Because we’re due for good news, I want to share this with you. It’s sure to revive your battered hope and beleaguered optimism.
Today’s teens are behaving better than their elders give them credit for. The latest statistics prove it. So much for the gloom and doom we (of a certain age) keep predicting.
Young Americans are smoking, drinking and bullying less than they once did. Also, fewer are getting pregnant, prompting a director of the U.S. Centers for Disease Control and Prevention to tell Time magazine, “We can’t eliminate all risk, but we are seeing overall good trends in all areas.”
Take that, you judgmental baby boomers.
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Don’t believe the rosy picture? Prefer to stay on your high horse to sell the next generation short? Then consider this: The high school smoking rate has dropped to 15.7 percent, the lowest level since the CDC’s National Youth Risk Behavior Survey began measuring in 1991 The number of students gulping alcohol has also gone down, and teen pregnancy rates are at a record low, showing a 10 percent decline in just one year. Experts speculate that teens are less sexually active than in the past and those that are report using some form of birth control.
And all that creepy news we hear about an epidemic of bullying, prompting us to think we’ve raised a generation of tormentors and oppressors? Not so fast. The National Center for Education Statistics data show bullying among 12- to 18-year-olds dropped to 22 percent in 2013, the lowest figure since 2005.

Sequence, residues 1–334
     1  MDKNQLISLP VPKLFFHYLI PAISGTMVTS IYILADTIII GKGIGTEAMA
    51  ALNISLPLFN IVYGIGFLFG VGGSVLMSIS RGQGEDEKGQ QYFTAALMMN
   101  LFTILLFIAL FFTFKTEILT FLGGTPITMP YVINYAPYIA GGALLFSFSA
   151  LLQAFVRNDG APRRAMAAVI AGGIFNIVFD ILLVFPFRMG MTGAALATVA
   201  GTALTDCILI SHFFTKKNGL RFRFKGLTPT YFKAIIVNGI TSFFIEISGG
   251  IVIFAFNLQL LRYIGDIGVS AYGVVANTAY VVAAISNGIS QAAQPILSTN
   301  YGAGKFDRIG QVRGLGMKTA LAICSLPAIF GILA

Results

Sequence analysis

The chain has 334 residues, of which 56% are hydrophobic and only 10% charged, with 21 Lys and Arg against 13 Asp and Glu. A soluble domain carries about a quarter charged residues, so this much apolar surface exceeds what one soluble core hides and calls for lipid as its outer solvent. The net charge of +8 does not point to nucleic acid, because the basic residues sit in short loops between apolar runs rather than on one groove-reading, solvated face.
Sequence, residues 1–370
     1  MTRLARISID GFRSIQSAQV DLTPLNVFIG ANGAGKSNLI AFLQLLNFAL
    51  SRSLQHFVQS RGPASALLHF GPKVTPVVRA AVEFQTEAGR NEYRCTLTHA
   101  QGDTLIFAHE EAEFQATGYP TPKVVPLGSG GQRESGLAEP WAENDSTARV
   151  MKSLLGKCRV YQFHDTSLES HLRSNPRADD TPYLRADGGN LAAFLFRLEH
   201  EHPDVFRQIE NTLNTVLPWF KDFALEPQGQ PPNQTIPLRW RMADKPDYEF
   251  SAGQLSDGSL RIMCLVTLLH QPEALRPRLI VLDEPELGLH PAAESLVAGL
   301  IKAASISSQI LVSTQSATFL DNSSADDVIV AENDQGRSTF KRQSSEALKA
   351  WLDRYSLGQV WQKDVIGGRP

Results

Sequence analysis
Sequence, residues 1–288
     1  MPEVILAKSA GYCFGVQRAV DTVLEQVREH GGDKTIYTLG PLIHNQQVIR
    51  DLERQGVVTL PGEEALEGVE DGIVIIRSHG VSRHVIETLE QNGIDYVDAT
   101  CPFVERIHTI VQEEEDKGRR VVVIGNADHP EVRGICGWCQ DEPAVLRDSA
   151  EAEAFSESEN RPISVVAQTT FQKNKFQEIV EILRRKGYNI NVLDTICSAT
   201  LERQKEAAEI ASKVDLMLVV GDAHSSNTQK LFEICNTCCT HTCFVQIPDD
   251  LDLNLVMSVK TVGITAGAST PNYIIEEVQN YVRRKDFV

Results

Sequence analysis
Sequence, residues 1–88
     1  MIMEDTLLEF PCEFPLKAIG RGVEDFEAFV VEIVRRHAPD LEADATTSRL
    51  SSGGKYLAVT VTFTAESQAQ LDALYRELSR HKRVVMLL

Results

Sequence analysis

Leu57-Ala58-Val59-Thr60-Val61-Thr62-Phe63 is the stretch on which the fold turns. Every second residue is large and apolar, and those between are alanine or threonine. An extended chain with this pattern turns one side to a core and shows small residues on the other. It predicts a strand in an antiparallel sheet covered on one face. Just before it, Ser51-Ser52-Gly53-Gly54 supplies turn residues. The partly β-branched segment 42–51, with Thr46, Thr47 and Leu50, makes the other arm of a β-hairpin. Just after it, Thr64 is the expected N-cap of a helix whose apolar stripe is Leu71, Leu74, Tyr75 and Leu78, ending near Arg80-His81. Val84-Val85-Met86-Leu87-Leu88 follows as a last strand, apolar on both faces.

Sure, there are concerns. There should be. Adolescence, after all, is that stage in life when we have the energy of an atomic bomb and the foresight of an unsharpened pencil. And so in spite of these impressive gains, use of e-cigarettes has tripled among middle and high schoolers and 41 percent of teens admit to texting and driving, behavior that amounts to a suicide wish. Still … still the rosy portrait painted by these numbers should be enough to lift spirits.
This collection of data comes at a particularly auspicious time for me. I’ve been on the receiving end of email rants by a few misguided souls who believe that everything that is different with our youngsters is also wrong and dangerous.
Hasn’t it always been so? Who hasn’t grumbled, palm to forehead, about “kids these days”?
Since recorded history, every generation seems destined to exaggerate the faults — and deficiencies — of the generation that follows it. Every group foresees decline, apocalypse, the end of reason and culture and values. If you’re reading this, you’re young enough to recall when our parents bemoaned our music, our habits, our choices.
Young people are lazy, they complained.
Young people are rude.
Young people have it too easy.
Young people don’t care about others.
Young people have been ruined by technology.
The refrain is as old as Methuselah. In 20 B.C. Horace mourned “a progeny yet more corrupt.” In 1771, a reader to Town and Country magazine wrote that the young were “effeminate, self-admiring, emaciated fribbles.” In 1816, The Times of London called the waltz an “indecent foreign dance.” And in an 1859 issue Scientific American warned against “a pernicious excitement to learn and play chess,” a game it considered inferior and cheerless.
Guess what? The panic passed. Doubts were forgotten. And humankind survived long enough for the next round of grievances.